The second section of the LFO3 Offset Switch directs either the 90 degree or the 180 degree triangle wave to the second waveshaper. This in effect chooses either 90 degree or 180 degree offset for the triangle or hypertriangular wave, depending on which wave is selected by the second section of the first switch. Whew!
The method of switching at this point is academic - I may just go with a switching IC and the switches themselves will just control the on/off stages of the IC switch sections, but the same general design will be followed.
The wet signal crossfaders come in handy for a couple of things - mixing in a portion of the opposite phase bank's wet signal to the wet signal of the current phase bank makes for some great variation in timbre/sweep, and modulating the cross-faders with a single CV adds greatly to the pallette of stereo panning sweeps (even without modulating the crossfaders, the stereo field can be affeted by the crossfaders as well).
In review, a phase bank's wet signal, before it is mixed with the original dry signal feeding the phase bank, can be mixed with the wet signal from the opposite phase bank in any ratio, as set by the XFade controls. The crossfaders can be modulated so that a constantly varying amount of crossfading can be accomplished. The control input to the phase banks is normalled to the selected wave of LFO2, the level of which is controlled by the XFade CV Level control. An external CV can control the crossfade panning as well by inserting the CV into the crossfade CV input - this disconnects LFO2 and allows the control voltage to control the crossfading.
In the case of voltage controlled crossfading, either by external CV or internal LFO2, the XFade controls act as the starting point of the crossfade. Setting them in center feeds an equal amount of each phase bank's wet signal through the crossfader. The expected CV input is a 10Vp-p signal centered around 0V. With the XFade control centered, -5V will allow full signal from the associated phase bank to pass, with no signal from the opposite phase bank. +5V will allow the opposite phase bank's signal to fully pass, with the associated phase bank's signal fully attenuated.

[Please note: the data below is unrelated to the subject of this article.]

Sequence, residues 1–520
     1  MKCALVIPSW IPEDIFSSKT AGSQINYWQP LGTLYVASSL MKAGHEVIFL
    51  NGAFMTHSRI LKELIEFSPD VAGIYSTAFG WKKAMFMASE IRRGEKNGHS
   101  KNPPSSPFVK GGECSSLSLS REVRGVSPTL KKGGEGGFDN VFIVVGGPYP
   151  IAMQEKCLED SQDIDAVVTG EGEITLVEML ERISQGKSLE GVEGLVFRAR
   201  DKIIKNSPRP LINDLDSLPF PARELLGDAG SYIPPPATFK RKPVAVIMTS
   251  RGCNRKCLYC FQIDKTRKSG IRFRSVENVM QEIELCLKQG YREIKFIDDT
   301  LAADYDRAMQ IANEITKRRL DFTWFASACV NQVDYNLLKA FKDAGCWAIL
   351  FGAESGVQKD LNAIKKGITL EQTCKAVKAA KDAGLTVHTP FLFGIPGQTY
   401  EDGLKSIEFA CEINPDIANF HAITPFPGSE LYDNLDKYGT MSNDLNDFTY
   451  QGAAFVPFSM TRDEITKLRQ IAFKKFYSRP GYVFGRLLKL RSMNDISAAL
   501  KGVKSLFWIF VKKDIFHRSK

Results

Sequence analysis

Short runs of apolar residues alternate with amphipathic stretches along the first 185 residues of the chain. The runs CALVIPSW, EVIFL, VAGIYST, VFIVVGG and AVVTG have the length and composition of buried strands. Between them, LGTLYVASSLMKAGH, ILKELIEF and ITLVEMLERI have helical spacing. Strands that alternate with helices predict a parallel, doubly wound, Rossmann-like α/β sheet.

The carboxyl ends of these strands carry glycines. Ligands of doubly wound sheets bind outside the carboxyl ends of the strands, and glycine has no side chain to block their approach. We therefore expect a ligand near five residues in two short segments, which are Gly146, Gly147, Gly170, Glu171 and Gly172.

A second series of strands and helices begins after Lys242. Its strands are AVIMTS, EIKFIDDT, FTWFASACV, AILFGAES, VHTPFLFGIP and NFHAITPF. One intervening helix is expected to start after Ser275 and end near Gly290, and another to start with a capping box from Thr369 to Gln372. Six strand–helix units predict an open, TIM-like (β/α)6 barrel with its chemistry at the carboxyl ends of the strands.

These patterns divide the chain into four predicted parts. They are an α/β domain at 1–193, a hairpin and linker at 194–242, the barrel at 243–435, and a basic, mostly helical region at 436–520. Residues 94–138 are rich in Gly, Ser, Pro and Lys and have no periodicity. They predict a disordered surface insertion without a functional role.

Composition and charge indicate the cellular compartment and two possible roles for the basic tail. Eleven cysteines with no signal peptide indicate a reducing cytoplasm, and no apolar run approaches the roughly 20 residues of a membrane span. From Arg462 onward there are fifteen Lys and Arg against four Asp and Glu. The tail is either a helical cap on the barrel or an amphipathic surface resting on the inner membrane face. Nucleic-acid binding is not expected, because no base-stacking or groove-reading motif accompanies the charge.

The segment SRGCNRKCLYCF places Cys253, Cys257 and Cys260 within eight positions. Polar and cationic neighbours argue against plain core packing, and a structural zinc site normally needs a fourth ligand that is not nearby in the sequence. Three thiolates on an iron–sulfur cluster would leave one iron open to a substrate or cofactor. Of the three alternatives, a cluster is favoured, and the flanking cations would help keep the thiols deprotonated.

I've changed things a bit since I drew the panel diagram and defined the crossfade function. Originally, I had a bipolar level control for each crossfader. I figured out that this was fairly redundant - the idea was, one could modulate the crossfader's opposite of what LFO2 or the external CV was doing, in varying amounts. Well, that can be accomplished by the inverting attenuators in the modulation control section. And, I found that the need to modulate the crossfaders in different amounts was rare to non-existent.
So, I dropped the extra pot and added an 'XFade Invert' switch. This switch will allow inversion of the wet signal from the opposite phase bank before it's applied to the crossfader. Now *that* I found is very useful - it opens up another pallete of timbral and panning effects.
I used Mark Verbos' crossfader (adapted from a Buchla design) as a starting point for the MultiPhase crossfader. It's Vactrol based and is quite effective.
I never had much luck with the original circuit as drawn - the Vactrols drop very low in resistance, and they are the input resistors to an op amp that has a 100K feedback resistor. IIRC, the Vactrols drop to around 4.7K, or thereabouts, so that gives the circuit a gain of around 21. IE, the circuit would shriek and distort.
I dropped the 100k feedback resistor to 10k, and added 2k2 resistors in series with the Vactrol LDR's. This cut the gain down considerably, and when I re-invert the signal in the second stage, I get a little of that back with a 100k input/82k feedback resistor. The signals exactly match in level from input to output, and, as with the original circuit, there is no amplitude 'bump' in the middle of the crossfade - it works quite well.
The other task was balancing out the XFade and CV control inputs to render a smooth crossfade. A range of 0 to 6.5V will give a smooth crossfade from one side to the other. I set the center trim to between 3.25 and 4 volts. I then created a +5V and a -5V source for the XFade controls to operate between. I scale that voltage down in the first stage of the control section with 33k input and 22k feedback resistors. I allow the external CV to have a slight bit more effect by using a 30K input resistor (to account for possible variations in control voltage sources). Instead of a bipolar attenuator, I use a simple unipolar attenuator (read pot set up as a voltage divider) to allow the user to easily cut out all possible modulation by simply setting it to full CCW. The second stage inverts the control signals back to original polarity after going through the first stage.
The LEDs (D1 and D2) are panel mount - the brighter they glow, the more of the opposite wet signal is being crossmixed into the associated phase bank's wet signal.
The XFade Invert switch just selects between the direct wet signal, or an inverted copy of it before it is fed to the crossfader op amp.
This circuit, BTW, will work great for crossfading any signals in a modular synth. Obviously the XFade Invert Switch and op amps wouldn't be necessary in that case.